- Video added on ChatGPT-Pro interface.
January 23 update:.
More users confirm the deployment of ChatGPT-Pro for $42 per month. Compared to the standard version, the Pro version generates texts much faster. The following video shows ChatGPT Pro in action.
Update as of January 21, 2023:
Twitter user Harish Garg says he was offered a ChatGPT Pro plan for US$42 per month in his ChatGPT interface. The option has again been removed.
However, Garg’s details cannot be verified from the posted screenshots, and even if the plan was shown to him as shown, the price might be a placeholder.
Original article from January 11, 2023:
OpenAI plans to monetize ChatGPT and wants to help better identify AI texts in the future.
OpenAI co-founder Greg Brockman announced on Twitter that OpenAI is working on a professional version of ChatGPT. According to Brockman, it will process more characters faster. Brockman says API usage will not be tied to the pro version.
Interested persons can register on a waiting list here. In doing so, OpenAI also asks for opinions on possible prices and asks high and low prices per month at which a purchase can be considered.
The does not appear to be a concrete monetization plan Again. According to an OpenAI employee at Discord, the goal of OpenAI is to continue to make ChatGPT work and improve. “Monetization is one of the ways we are looking at ensuring its long-term viability.” OpenAI is looking for interviewees to provide feedback on initial ideas in 15 minutes.
OpenAI is said to be in negotiations with Microsoft for a new investment. The company is expected to contribute another ten billion dollars, bringing OpenAI’s valuation to $29 billion.
ChatGPT text detection tool is under development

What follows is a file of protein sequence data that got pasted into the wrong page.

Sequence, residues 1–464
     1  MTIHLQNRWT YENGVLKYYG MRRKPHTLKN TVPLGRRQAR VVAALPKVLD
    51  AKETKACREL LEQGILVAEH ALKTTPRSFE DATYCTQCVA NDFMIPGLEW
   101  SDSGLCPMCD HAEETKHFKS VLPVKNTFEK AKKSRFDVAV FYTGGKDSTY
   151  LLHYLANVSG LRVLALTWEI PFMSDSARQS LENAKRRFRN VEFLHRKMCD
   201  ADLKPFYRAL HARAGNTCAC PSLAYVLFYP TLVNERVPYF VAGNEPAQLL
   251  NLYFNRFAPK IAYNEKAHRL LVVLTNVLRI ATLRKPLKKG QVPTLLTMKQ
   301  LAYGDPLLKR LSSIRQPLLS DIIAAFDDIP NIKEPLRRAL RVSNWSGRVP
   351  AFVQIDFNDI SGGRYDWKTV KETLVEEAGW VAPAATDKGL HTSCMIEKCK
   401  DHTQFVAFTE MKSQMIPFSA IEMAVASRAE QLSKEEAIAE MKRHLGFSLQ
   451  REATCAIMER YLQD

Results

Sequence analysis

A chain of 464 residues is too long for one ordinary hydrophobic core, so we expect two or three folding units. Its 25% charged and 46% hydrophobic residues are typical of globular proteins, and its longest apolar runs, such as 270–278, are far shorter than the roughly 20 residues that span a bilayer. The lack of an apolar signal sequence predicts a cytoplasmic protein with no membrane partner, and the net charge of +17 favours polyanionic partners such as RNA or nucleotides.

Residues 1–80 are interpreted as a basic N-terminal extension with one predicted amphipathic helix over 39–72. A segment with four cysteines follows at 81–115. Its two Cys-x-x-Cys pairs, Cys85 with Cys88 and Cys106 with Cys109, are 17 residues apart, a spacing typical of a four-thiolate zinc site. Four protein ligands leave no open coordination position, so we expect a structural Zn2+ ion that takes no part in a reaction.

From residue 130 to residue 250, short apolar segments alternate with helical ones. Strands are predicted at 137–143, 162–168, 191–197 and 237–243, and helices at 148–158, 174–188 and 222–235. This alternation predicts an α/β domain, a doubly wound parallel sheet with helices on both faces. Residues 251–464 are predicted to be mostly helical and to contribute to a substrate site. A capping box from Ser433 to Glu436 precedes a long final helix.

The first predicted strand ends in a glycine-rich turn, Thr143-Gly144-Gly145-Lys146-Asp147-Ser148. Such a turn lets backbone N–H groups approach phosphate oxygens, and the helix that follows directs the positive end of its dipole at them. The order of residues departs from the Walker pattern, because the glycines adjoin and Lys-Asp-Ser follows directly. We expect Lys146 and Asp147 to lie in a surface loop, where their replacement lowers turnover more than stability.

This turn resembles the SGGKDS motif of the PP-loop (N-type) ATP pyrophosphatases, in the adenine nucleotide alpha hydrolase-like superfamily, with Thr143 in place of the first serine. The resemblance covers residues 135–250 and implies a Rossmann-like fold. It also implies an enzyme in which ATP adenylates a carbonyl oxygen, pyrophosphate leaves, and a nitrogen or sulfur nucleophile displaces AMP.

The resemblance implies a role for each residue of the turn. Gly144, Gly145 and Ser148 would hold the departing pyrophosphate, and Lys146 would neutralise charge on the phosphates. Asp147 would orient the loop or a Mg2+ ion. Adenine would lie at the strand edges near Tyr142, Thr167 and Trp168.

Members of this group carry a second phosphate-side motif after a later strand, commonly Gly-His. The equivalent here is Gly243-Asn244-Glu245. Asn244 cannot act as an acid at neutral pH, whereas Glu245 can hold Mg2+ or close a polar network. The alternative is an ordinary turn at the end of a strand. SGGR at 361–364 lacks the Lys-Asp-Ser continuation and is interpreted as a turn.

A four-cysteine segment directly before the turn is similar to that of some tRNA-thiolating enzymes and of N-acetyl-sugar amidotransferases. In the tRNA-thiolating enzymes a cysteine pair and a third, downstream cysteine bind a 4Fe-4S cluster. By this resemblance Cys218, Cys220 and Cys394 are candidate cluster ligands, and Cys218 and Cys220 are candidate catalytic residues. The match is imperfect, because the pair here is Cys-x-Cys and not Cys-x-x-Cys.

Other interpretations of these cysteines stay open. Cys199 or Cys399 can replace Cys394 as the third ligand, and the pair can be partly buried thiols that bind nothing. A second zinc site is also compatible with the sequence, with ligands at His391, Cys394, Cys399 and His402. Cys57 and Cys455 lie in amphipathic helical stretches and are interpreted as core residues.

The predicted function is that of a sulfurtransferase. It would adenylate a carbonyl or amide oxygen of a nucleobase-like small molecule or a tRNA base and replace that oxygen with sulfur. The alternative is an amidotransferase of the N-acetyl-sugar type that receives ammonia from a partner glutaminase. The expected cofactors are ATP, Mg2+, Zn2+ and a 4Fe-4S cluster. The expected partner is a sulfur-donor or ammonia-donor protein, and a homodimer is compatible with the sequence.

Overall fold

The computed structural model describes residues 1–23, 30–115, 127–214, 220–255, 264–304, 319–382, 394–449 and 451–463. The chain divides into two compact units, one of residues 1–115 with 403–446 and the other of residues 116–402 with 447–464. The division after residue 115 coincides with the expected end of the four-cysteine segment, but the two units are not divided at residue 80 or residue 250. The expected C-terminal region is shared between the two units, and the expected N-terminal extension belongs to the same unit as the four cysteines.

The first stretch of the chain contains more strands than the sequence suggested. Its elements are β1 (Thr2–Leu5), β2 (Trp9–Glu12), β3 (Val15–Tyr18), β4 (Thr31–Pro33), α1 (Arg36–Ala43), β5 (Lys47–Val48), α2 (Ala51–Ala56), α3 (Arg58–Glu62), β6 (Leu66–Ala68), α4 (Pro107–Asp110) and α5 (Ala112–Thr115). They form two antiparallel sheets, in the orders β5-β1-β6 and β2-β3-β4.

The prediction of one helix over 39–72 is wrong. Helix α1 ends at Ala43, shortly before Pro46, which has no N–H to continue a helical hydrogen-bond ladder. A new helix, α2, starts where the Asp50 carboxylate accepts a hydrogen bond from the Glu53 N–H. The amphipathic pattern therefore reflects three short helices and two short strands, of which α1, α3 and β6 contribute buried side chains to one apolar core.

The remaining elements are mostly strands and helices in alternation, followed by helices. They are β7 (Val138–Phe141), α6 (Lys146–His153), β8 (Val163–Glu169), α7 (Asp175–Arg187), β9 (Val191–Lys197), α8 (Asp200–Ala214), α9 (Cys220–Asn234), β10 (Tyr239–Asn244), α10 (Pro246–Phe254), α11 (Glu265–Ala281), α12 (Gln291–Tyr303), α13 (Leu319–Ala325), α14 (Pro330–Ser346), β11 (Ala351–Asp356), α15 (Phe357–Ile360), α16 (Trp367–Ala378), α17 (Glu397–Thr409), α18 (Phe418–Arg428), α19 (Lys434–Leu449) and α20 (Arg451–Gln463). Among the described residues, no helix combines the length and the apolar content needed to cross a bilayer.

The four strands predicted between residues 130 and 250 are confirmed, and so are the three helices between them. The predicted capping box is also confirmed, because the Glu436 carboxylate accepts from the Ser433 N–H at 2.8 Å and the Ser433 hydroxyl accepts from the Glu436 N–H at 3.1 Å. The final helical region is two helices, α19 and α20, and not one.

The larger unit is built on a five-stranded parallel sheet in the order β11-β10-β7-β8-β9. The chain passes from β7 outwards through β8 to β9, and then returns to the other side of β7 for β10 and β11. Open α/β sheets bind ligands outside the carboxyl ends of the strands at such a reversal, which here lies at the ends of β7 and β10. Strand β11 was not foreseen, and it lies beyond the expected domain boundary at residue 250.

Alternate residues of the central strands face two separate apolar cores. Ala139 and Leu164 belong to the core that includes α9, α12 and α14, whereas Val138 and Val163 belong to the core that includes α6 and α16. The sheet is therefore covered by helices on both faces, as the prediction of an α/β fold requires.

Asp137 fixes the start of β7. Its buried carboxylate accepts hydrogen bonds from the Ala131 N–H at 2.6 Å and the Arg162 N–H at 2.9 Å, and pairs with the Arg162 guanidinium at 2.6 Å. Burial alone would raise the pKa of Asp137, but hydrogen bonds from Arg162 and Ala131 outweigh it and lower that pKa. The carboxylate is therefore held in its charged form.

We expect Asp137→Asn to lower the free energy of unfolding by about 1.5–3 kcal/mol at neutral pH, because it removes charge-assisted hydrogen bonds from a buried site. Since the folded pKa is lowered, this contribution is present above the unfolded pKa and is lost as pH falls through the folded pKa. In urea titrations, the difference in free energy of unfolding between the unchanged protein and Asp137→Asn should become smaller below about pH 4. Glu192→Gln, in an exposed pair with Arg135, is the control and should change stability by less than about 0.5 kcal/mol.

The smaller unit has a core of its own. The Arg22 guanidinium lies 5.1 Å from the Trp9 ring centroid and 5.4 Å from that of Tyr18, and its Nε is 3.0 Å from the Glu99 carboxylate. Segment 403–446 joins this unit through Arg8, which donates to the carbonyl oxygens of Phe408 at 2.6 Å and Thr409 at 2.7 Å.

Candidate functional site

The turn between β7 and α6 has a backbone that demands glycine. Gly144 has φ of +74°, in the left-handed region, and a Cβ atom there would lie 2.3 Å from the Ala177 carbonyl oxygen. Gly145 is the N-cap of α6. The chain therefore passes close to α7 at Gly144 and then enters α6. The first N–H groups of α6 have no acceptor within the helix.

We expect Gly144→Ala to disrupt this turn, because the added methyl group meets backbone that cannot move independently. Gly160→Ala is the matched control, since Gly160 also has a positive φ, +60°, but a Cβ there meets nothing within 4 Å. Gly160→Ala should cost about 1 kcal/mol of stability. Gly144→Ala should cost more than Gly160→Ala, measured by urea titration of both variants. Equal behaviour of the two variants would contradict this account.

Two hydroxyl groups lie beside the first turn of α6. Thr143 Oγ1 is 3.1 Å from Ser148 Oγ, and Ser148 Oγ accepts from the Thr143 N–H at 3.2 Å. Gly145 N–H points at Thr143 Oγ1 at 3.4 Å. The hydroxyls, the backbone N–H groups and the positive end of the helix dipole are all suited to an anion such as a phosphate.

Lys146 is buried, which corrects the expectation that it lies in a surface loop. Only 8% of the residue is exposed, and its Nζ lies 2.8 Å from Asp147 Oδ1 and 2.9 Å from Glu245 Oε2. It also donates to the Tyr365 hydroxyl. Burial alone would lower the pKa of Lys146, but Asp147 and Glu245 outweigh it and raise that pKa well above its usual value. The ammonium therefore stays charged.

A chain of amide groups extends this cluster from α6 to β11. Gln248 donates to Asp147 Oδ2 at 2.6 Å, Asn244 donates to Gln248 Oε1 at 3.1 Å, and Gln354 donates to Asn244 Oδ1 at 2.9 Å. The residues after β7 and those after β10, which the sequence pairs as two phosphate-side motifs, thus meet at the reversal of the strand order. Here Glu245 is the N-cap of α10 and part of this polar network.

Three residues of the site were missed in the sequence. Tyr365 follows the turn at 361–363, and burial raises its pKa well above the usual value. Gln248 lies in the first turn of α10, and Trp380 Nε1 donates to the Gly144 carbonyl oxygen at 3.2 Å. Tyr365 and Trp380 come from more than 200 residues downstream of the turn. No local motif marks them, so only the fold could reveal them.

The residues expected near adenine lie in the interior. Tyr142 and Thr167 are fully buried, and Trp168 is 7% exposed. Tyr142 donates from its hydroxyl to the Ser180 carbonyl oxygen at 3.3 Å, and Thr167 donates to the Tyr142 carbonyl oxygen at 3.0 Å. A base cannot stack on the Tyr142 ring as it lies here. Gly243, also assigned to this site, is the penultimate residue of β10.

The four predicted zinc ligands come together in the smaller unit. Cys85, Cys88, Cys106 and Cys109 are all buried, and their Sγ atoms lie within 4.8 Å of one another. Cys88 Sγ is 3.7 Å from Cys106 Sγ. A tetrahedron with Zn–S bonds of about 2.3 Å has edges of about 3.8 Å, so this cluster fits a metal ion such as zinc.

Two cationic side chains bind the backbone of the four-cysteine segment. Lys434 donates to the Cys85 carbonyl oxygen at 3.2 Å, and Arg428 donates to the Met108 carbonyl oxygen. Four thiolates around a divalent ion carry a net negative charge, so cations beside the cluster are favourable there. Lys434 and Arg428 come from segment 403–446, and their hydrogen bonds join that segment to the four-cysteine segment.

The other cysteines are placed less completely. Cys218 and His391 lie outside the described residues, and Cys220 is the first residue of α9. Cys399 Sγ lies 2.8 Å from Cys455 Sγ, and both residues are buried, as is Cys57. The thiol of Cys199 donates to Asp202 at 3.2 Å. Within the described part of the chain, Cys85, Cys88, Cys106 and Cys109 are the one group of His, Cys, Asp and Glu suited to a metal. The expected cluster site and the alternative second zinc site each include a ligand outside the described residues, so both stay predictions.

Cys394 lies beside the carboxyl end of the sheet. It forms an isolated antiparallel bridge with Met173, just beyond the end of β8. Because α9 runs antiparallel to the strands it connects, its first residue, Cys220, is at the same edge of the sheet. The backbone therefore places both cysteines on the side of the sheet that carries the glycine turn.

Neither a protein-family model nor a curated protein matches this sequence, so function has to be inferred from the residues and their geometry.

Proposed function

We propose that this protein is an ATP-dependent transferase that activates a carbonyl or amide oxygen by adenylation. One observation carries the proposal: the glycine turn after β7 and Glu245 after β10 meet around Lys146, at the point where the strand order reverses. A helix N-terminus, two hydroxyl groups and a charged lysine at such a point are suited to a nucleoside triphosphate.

Additionally, OpenAI confirmed to Techcrunch that it is working on “mitigations” to recognize text generated with ChatGPT. Earlier, an OpenAI researcher talked about a watermarking system for OpenAI AI texts. A related research article is expected to be published in the coming months.
The education system in particular takes a critical look at AI texts that are indistinguishable from human texts. In part, this homework automation undermines existing learning principles.
If AI text could be reliably recognized, this point of criticism would no longer apply – at least in the context of OpenAI products (see below). ChatGPT is a “research preview” to learn from real-world usage, says an OpenAI spokesperson.
“We have always called for transparency around the use of AI-generated text. Our policies require users to be candid with their audience when using our API and creative tools. . . We look forward to working with educators on helpful solutions and other ways to help teachers and students benefit from AI. »
Detecting ChatGPT alone won’t solve education system problems
It remains to be seen whether a recognition tool developed by OpenAI will solve the problems of education systems with AI texts. A parallel with developments in image AI systems such as the open-source Stable Diffusion shows that ChatGPT might just be the start. Systems similar to ChatGPT from other vendors – or even open source – may be in development.
Text recognition by AI could only remove any doubt about the authenticity of texts if it were standardized for all generators. The first approaches for AI text recognition tools already exist, such as GPTZero or Crossplag, but there is no data on their reliability yet. Also, a few changes to the text generation system or special prompt methods could bypass these recognizers.
A constant race between generating and identifying instances seems more likely. So, in any case, the education system would be well advised to prepare for a future with AI texts.
The ICML, a leading machine learning conference, recently banned scientific papers that use AI-generated text, while acknowledging that there is no way to reliably identify them at scale. The ban will initially last until 2023, but AI-generated writing aids will continue to be allowed.